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Classroom Activities

  • Exploring Air Resistance Investigate the relationship between velocity and air resistance. View »
  • Estimating Populations Using Mark-Recapture Mark-recapture is one of the most common methods used by ecologists to determine population size. Engage your students with this exciting activity to get hands-on experience with the Mark-recapture method. View »
  • Periodic Table Mystery P is less dense than S. S is an alkali metal. E is a noble gas. In this activity, students generate a periodic table from clues and predict the missing properties of several elements based on the elements’ locations in the table. View »
  • Plant Biodiversity Field Activity This field activity introduces students to biodiversity through the study of plants and animals in a designated area. But here’s the twist—instead of using a quadrat to designate the area of study, students use a Hula Hoop® instead. View »
  • Teaching with Ecosystem Aquariums By creating and maintaining an aquarium ecosystem in the classroom, students can understand the web of relationships that link organisms to one another, and they can develop a growing sensitivity to living things and what they need to survive. View »
  • Food Calorimetry: How to Measure Calories in Food Help your students learn how to determine the calories in food with this hands-on lab activity. Using common, inexpensive materials, students construct a calorimeter and test several food samples to determine their energy content. Addresses selected National Science Education Standards for grades 9–12. View »
  • Air Pollution: Tropospheric Ozone, Particulates, and Indoor Carbon Dioxide "Bad" ozone, dangerous particulates, and significant CO2 buildup—in and around your school! Access a series of field tests students can use to measure your school’s tropospheric ozone levels and the number of deposited particulates in different locations, and to study how carbon dioxide concentrations indoors vary throughout the school day. View »
  • Invasion! Invasion! Engage life science students by investigating a fascinating topic: invasive species. Here’s a lesson plan outline to help you get started. Based on the KWL chart, it guides you through 4 days of invasive species activities that introduce the topic, guide research, and culminate in a research project. View »
  • More Paper Clip Chemistry Who knew the common paper clip could be such a versatile teaching assistant? This activity uses several paper clip styles to help students understand empirical formulas and relative masses. View »
  • Molecular Geometry with Balloons For some students, molecular geometry can be tricky to understand, but with this hands-on, engaging activity, it doesn’t have to be. View »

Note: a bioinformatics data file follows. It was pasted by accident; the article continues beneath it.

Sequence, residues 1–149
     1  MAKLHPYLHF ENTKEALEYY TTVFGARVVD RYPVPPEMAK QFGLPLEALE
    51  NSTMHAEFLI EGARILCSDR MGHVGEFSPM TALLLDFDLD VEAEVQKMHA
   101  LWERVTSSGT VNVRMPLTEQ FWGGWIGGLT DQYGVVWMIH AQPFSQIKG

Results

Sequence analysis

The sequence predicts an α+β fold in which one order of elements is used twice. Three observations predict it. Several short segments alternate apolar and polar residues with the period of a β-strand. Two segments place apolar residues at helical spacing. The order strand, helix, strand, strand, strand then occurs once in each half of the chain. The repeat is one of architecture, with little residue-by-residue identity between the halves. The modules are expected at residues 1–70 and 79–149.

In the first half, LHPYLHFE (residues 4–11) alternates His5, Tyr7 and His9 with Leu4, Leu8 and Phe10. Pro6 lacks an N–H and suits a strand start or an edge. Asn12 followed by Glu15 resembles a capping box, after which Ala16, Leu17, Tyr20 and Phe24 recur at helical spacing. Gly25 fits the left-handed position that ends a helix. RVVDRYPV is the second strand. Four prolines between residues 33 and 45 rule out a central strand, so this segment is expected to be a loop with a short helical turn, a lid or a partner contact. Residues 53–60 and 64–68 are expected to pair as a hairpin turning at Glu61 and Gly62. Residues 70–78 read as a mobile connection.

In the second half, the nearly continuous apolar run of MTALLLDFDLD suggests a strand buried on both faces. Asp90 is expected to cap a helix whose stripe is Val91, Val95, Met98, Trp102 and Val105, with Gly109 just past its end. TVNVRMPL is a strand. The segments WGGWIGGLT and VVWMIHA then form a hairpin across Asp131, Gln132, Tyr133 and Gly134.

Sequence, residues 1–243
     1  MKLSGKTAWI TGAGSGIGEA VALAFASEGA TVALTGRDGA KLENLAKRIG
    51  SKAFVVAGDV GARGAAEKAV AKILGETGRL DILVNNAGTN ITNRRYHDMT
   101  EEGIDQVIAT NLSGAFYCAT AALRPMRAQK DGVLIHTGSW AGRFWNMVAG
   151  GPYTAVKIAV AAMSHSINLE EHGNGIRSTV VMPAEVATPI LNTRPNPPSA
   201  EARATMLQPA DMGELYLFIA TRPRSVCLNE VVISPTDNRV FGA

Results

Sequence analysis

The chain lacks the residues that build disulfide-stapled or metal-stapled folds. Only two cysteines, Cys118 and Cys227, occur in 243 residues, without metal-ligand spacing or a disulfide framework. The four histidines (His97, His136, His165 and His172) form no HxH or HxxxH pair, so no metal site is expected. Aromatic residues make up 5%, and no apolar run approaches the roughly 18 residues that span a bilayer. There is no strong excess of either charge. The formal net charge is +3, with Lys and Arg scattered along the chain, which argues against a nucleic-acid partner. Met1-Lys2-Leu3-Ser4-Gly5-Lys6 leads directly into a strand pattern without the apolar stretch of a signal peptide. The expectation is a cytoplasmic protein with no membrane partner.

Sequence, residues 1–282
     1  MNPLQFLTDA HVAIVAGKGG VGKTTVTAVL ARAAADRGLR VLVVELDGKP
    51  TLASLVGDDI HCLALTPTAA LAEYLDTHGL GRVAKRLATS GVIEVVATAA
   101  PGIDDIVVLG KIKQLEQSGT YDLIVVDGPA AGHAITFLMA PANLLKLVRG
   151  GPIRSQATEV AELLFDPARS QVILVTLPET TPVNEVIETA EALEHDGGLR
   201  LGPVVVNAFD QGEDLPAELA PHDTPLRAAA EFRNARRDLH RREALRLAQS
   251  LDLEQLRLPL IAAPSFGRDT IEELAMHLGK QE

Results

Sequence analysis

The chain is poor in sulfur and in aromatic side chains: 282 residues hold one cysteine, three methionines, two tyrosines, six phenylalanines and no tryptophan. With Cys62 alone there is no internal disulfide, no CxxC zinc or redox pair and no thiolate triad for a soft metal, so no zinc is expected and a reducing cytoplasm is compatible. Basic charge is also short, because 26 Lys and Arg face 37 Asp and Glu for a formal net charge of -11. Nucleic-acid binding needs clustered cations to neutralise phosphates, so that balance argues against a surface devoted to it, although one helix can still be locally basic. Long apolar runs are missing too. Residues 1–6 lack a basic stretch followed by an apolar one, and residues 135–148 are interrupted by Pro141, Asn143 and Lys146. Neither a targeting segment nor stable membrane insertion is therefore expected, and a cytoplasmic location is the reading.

• Mitosis Match Up: Student Activity Sheet With this activity, students identify and label pictures of plant cells in varying phases of the cell cycle. View »
  • Teaching Chemistry with Manipulatives Manipulatives can help students (especially visual and tactile learners) understand abstract concepts by allowing them to “see” a chemical structure or process. We offer 2 ideas for creating manipulatives and how to use them. View »
  • Strawberry DNA Extraction Introduce students to DNA with this activity. A discussion of how this DNA extraction procedure works might also touch on the plant cell wall, the cell membrane, and DNA's lack of solubility in ethanol. Includes materials list and step-by-step instructions. View »
  • A New Approach to Teaching Atomic Theory For chemistry teacher Siobhan Julian, teaching the history of atomic theory by lecture “was dry and tedious and boring for everyone involved.” Then she took a fresh approach—one that focuses on doing science to learn science history. View »
  • Two Quick, Easy Ways to Collect Insects for Diversity Studies Get your students outside and engaged with the world around them. In this activity, we’ll look at 2 techniques that make collecting insects in the field quick and easy. Use one or both to collect insects from microenvironments around your school and then examine diversity using Shannon’s or Simpson’s diversity index. View »
  • Schoolyard Field Study Conduct a field study of your schoolyard with this activity. It’s an opportunity for students to apply what they’ve learned throughout the year. Students work in groups of 2 to 3 over several class periods. View »
  • ChromoSock™ Meiosis What if understanding meiosis were as easy as folding laundry? In this activity, students use special socks to model chromosome behavior during meiosis. View »
  • AP® Biology: Statistics Worksheet A set of 4 problems focused on statistics and analysis. View »
  • A Visual Introduction to Ionic and Net Ionic Equations With this activity students explore the phenomenon of chemical precipitation and construct an atomic level model of precipitation using ionic and net ionic equations. View »
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